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For such a long time you have been living under the impression that popularity and handsomeness gets you through life. Let me be the one to tell you that you need to wake up and realize that you are neither. Because if you were then I'm sure they would not have removed you from work. You are incapable of doing a good job and that's what matters when it comes down to it. Neither popularity nor handsomeness matters when one's intention is to make money. You have to be the best, and only your best is good enough.
Your false impression hinders you from seeing that you have destroyed the relationship you once had with your son. Not because of anything he has done, but all because of you. You are a fake and this is the way he sees you. Your obsession with the "American Dream" has turned you into a blind man. Reality is knocking at your door. Stop ignoring it and let it in. You need to be realistic. It's about time.
Today I suspected my husband of wanting to kill himself. I don't know what to do. What should I do? I'm afraid. I wanted to help him, but then I got scared of what he'd say if he knew I knew he wanted to kill himself so I put his "weapon" back where I found it. I hope he sees the mistake he'll be making before it's too late. Dear God help him.
And a few days back he came home and told me he lost control of the car on the road! Journal, I'm afraid for him. My poor husband. What is happening to him? I can't take it anymore but I can't just walk out on him. He's my husband for goodness sake! In my heart I'm yearning to help him but at the same time I'm a little petrified of doing it. I keep my tongue whenever I can. Just don't want to upset the poor soul. I will just pray for him.
Don't you feel a little if not an extreme amount of jealousy about the fact that your father from you were younger preferred your brother Biff over you? You are now thirty-two years old and he still does. If I were you I know I would, because parents aren't suppose to show favoritism towards their children and your father certainly does it. I'm assuming you were a little upset as well that your father put Biff before you all the time. He just doesn't seem to see that you are his son too and you need him as much as Biff may need him.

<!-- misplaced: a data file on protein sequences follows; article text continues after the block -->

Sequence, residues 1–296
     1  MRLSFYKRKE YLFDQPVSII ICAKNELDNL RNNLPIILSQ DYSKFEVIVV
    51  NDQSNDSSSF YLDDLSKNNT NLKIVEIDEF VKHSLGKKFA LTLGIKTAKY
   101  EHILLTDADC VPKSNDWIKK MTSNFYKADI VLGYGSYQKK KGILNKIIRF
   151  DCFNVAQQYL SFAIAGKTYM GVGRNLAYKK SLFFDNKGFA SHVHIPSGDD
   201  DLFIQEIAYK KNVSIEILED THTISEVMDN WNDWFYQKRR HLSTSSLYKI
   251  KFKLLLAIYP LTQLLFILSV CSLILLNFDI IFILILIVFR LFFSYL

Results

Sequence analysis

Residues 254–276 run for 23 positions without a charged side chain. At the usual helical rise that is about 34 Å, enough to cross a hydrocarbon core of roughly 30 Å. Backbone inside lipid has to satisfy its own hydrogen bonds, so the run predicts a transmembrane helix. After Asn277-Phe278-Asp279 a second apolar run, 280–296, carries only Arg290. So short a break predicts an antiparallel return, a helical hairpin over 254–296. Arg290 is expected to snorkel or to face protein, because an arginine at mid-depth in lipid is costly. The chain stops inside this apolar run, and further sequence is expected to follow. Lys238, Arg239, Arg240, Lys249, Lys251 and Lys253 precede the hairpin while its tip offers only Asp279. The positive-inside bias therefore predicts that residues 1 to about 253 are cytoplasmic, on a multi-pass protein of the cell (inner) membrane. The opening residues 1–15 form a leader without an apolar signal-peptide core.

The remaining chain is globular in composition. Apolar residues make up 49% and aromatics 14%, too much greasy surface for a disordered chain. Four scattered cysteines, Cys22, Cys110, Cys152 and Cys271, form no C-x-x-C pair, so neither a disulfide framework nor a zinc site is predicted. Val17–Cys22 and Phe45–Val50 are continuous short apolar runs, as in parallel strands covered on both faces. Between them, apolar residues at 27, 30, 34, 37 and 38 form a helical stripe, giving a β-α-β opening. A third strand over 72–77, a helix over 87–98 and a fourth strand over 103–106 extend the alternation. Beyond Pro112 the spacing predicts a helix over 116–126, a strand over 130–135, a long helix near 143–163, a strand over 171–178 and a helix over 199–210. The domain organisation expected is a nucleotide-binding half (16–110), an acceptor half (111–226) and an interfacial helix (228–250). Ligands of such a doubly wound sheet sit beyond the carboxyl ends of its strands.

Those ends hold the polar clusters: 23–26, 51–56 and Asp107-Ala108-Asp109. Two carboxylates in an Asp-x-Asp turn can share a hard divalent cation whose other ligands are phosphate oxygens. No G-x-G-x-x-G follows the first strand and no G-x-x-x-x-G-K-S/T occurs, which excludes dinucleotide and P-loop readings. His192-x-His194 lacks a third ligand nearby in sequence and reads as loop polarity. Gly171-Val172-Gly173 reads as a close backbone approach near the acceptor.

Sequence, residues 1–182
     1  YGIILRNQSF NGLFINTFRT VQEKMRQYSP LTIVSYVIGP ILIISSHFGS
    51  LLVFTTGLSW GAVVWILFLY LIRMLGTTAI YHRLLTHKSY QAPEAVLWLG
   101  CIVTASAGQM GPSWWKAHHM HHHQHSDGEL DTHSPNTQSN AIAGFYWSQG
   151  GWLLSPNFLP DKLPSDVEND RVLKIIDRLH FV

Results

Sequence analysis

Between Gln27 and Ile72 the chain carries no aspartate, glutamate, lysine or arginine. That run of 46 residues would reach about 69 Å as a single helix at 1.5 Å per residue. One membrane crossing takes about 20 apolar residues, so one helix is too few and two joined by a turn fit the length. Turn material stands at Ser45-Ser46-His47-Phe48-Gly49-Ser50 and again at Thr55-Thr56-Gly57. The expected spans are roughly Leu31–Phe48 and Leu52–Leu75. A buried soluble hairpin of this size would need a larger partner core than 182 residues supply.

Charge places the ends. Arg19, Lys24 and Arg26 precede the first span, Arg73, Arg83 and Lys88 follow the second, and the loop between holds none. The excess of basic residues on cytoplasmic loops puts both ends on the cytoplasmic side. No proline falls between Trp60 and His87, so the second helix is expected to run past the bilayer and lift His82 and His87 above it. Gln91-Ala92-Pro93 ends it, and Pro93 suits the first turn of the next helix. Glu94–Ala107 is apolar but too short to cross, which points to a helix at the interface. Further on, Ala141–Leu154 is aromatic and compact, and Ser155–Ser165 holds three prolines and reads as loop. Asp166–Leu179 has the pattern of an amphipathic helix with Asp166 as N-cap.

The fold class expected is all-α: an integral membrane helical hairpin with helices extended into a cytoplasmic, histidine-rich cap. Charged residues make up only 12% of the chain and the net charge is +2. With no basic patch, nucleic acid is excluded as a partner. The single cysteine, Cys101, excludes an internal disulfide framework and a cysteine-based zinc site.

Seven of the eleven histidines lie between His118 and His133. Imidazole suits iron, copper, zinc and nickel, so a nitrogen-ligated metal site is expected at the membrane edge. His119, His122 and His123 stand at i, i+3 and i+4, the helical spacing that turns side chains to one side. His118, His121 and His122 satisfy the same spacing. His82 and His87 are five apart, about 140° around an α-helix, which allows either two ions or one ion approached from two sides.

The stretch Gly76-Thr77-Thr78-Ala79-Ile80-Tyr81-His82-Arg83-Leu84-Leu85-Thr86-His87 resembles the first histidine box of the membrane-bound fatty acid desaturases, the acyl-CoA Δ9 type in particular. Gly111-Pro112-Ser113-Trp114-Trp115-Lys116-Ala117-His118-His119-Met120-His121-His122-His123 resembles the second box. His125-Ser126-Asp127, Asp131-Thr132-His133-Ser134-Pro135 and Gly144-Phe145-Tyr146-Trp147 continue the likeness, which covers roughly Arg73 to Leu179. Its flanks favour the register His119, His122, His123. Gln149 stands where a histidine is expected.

It's a good thing though that you're independent; living in your own apartment and have a job. At least you know that you don't have to depend on that father of yours. Because if you had, he would have most certainly let you down. Just as Biff had let him down. It's a pity to see how much he prefers Biff who can't hold a steady job nor has a place to call his home. But life goes on Happy. Hold your head high and don't dwell too much on the fact that your father has a favourite and he isn't you.
I hate that my father prefers Biff over me. I hate it, I hate it, I hate it. But what can I do? I've tried my best but he still prefers Biff. But I don't understand him. Biff is no longer the popular kid, he's a nuisance to my father as far as I can tell and yet he's preferred over me. What a confusion! I just hate that he prefers my older brother but what can I do? I'm just going to live my life. At least I know Biff isn't such a charmed one with the ladies. He might have charmed his way into the heart of many people when he was younger, but I'm guessing by the way he gets along with our father it's no longer that way. Serves him right. Always getting what he wants. That Biff.